ONLINE BONUS: Sprouse in action
“I believe that we come to know a city through the people who live there, so my goal is to depict the city of Charlottesville through its inhabitants,” writes Keith Alan Sprouse, of his new initiative, the Cville People Project. Inspired by Humans of New York (HONY), Sprouse has, since May, been hitting the Downtown Mall every Friday, rain or shine, and toting his camera to events and festivals around town in order to create a kind of “photographic census” of the place where we live.
Sprouse, who works by day as a mental health and substance abuse counselor at Region Ten Community Services Board, says that the idea sprang from of a weekend-long workshop sponsored by a group called the Charlottesville Photography Initiative (CPI) and led by acclaimed National Geographic photographer William Albert Allard.
“I realized three things," says Sprouse, "that I was able to approach complete strangers and make portraits of them that I found to be of an acceptable quality, that I wanted to continue to develop my portraiture skills, and that learning more about the people whose portraits I was making was half the fun of it.”
Sprouse says it was pure happenstance that he then stumbled upon the website for Humans of New York, but also points out that he spends more time learning about his subjects than does the HONY photographer.
With no formal photographic training save a single darkroom class before the dawn of digital photography, the 47-year-old Illinois native hit the streets with a Nikon D5100 and began snapping portraits of people from all walks of life, which he does only with consent of the subject.
Seven months later, he’s upgraded to a Nikon D600 and has taken countless portraits, from homeless men to Greenpeace activists to Cville celebrities, approximately 100 of which have appeared on the Cville People Project blog along with a simple descriptor that summarizes each person's unique contribution to Charlottesville.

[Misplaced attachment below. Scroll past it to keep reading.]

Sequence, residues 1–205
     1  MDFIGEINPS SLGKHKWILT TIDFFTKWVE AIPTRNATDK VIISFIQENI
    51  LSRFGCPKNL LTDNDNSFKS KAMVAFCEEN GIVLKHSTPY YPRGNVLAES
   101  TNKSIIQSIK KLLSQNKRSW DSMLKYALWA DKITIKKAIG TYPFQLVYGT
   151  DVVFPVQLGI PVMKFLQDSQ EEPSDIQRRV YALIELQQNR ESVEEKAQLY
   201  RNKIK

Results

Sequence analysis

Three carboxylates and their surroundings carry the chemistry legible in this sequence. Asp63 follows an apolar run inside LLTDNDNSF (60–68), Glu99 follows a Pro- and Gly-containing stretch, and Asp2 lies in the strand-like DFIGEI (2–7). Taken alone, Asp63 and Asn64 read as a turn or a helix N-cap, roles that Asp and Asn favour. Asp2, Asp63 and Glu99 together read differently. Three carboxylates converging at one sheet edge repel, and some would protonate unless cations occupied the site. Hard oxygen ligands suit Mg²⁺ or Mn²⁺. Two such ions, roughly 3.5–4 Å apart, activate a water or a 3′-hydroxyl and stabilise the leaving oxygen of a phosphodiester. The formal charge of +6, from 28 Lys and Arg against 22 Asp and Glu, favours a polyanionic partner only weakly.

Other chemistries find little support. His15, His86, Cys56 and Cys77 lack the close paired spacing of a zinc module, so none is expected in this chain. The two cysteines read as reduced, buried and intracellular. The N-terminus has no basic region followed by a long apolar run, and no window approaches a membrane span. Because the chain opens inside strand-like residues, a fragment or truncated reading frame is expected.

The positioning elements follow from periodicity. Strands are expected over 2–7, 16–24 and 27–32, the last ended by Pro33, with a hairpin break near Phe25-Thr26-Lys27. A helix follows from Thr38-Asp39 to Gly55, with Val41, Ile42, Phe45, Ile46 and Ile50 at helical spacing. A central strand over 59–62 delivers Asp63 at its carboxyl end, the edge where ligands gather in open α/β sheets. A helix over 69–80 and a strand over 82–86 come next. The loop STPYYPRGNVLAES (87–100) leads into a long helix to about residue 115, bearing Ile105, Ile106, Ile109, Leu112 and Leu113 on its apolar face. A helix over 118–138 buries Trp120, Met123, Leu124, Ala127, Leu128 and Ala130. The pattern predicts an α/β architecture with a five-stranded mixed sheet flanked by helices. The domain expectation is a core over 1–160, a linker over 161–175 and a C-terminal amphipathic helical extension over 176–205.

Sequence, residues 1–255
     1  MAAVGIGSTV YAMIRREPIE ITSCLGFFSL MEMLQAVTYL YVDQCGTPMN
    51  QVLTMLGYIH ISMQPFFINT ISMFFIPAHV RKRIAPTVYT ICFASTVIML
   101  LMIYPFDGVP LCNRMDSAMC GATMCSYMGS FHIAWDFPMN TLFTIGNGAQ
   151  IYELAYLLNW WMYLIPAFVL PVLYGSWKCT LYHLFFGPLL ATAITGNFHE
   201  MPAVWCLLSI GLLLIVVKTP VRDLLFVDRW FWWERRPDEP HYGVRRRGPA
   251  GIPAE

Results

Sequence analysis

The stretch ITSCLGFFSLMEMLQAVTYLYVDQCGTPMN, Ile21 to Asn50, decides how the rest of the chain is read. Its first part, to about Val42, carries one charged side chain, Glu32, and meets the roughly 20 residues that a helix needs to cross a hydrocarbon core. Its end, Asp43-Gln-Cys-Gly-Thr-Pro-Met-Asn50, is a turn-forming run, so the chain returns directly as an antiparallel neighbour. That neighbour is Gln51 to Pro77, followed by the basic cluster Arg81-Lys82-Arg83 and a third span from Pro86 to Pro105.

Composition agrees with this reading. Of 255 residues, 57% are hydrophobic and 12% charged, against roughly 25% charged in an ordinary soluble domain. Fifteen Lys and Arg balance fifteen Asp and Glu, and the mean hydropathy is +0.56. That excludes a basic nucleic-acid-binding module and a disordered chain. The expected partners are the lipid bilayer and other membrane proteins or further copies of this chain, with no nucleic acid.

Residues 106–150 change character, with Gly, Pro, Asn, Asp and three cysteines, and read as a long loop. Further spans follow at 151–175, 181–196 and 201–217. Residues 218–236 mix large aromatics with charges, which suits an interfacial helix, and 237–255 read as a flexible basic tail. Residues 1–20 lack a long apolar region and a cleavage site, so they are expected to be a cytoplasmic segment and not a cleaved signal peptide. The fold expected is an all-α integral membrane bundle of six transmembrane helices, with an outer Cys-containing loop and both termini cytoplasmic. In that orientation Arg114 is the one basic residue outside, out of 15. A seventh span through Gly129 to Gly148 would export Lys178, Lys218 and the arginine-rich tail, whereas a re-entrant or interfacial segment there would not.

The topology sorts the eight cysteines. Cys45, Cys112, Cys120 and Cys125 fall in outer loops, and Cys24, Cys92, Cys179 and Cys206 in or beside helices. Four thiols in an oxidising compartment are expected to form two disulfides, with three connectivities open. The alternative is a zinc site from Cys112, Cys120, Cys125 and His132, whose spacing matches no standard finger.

Sprouse says it’s impossible to pick favorites, but when pressed he cites the day he spent shooting at the first annual Charlottesville Pride Festival.
“The highlight of that day was photographing [the birthday girl] Reigna Beaux, who,” says Sprouse “towered over me with her high heels and had one of the most dazzling smiles I’ve ever seen. I had to ask her to take her shoes off so that I could photograph her.”
Do people ever turn him down? “I’ve never had anyone say anything negative about the project, but I’ve certainly been turned down,” admits Sprouse, though he notes that, in typical Cville fashion, most are polite about it.
Though Sprouse is available for private hire, his approach to photography seems to have little to do with money. In addition to serving as founder and sole contributor to the Cville People Project, Sprouse also provides his skills free of charge to charity and non-profit events like The Haven’s “Help Portrait,” an early December event that gave the homeless and others receiving Haven services the opportunity to take home a professional quality holiday portrait.
“Keith does a great job for us,” says Christian DeBaun, Operations Director for CPI, where Sprouse also volunteers his time doing communications work and community outreach.
“I intend to make portraits of as many Charlottesvillians as possible and share them,” says the vision statement for the Cville People Project, accessible at cvillepeople.tumblr.com.